Popular crypto exchange Binance is increasing its presence in Ireland amid lingering questions about where they are actually located. Indeed, Binance has been criticized for its lack of a central headquarters.
Multiple companies incorporated in Irish jurisdiction
Last month, the Irish Independent reported that the exchange has registered three companies in the jurisdiction. Those companies were Binance (APAC) Holdings, Binance (Services) Holdings, and Binance Technologies. Formally, everything was founded on September 27, 2021. Today, the Irish Independent reported that Binance has registered another Irish entity called Binance Exchange (Ie).
Changpeng Zhao (CZ), the exchange’s CEO, also said last month that Ireland featured in the popular crypto exchange’s plans to establish a headquarters in a particular jurisdiction. CZ told Reuters the following:
“When we first started, we wanted to embrace decentralized principles, not headquarters or work around the world. No limits. It is now very clear to run a centralized exchange, you need a centralized, legal entity structure behind it.”
That centralized legal structure could eventually make landfall in Ireland. According to a Binance spokesperson, the exchange is also looking elsewhere. A spokesperson said the following:
“We are keeping all our options open and we are currently considering multiple places to meet user needs, legal requirements and of course a place that fits our needs as a business. Should any of these options become solid, we will provide updates as needed.”
Regulators are targeting Binance
What we do know for sure is that Binance has endured controversy after regulatory controversy throughout the year. In the Netherlands and Japan, regulators of both jurisdictions have issued consumer warnings about the crypto exchange. In the Cayman Islands and in Italy, regulators said the exchange is not licensed in their countries.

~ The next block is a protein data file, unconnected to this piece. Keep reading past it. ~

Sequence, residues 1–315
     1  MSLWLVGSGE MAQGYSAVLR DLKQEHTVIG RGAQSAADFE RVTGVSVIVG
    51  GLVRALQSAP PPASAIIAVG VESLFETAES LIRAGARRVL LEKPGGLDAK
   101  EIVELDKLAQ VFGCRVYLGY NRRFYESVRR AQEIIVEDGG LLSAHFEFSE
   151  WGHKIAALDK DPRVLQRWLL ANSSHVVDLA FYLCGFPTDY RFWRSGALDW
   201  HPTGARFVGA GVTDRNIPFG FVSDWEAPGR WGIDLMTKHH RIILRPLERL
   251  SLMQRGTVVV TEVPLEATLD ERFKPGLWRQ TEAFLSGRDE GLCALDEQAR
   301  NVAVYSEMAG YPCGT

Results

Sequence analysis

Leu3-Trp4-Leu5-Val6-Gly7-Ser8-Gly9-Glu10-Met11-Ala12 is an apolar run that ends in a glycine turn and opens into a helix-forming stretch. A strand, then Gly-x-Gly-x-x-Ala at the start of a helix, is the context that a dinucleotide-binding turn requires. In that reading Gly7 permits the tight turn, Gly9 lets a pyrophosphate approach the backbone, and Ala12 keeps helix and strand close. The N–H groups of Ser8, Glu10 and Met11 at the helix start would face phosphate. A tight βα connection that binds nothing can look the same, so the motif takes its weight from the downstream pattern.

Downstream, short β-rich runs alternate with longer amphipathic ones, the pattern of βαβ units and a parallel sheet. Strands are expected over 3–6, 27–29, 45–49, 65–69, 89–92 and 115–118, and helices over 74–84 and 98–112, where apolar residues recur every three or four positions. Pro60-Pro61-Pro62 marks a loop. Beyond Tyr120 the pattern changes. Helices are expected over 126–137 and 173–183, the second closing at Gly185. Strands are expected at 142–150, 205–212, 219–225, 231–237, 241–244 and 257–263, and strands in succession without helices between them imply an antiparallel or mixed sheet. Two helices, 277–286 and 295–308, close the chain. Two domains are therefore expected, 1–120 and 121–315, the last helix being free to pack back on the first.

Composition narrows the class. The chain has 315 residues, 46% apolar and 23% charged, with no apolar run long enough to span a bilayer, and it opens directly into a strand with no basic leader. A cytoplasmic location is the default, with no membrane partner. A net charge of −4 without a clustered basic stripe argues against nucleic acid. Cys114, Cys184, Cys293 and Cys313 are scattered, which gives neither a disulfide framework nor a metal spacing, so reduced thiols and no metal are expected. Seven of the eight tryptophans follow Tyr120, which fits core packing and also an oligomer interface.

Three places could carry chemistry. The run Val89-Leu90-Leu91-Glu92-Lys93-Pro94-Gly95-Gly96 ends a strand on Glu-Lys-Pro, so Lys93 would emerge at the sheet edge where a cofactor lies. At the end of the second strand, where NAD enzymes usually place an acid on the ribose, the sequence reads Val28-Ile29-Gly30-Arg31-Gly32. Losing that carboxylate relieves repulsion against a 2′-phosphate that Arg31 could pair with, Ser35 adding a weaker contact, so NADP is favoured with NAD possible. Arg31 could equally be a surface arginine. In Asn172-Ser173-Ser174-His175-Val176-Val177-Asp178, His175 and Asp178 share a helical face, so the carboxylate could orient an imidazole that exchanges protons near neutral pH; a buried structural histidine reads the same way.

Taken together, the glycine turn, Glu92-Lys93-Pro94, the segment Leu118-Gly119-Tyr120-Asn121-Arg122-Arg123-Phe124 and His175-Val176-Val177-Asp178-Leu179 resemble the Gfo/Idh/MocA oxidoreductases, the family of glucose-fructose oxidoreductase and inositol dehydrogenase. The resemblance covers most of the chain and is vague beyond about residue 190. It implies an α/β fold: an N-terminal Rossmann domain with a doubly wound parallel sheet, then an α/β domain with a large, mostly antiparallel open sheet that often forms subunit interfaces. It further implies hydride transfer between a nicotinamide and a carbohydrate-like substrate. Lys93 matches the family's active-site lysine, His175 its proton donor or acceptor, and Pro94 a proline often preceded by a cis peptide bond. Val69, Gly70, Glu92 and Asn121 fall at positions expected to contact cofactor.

In Malaysia, Binance faced enforcement action for operating illegally in the country.
In Singapore, where CZ also lives, the regulator said earlier this year that Binance was going through an application process. A spokesman for the regulator said similar companies that had previously submitted their applications have been rejected. However, it is not yet certain whether this will also happen for Binance.
In the United Kingdom (UK), the Financial Conduct Authority (FCA) has issued a consumer warning against the exchange’s UK entity, Binance Markets Limited. The FCA followed suit in September, saying the company was unable to be regulated after it failed to provide basic information to the regulator.
Given the plethora of controversies facing the exchange, Zhao changed his mind in September, admitting that Binance needed a centralized entity to meet regulatory requirements.
Indeed, according to the Irish Independent and Reuters, Ireland could become that entity, provided, of course, Irish regulators take a friendlier stance towards the exchange than that adopted by other regulators around the world. However, based on what the exchange’s spokesperson said, there are a few other options in the pipeline. When asked which other countries are being considered, the exchange declined to provide further information.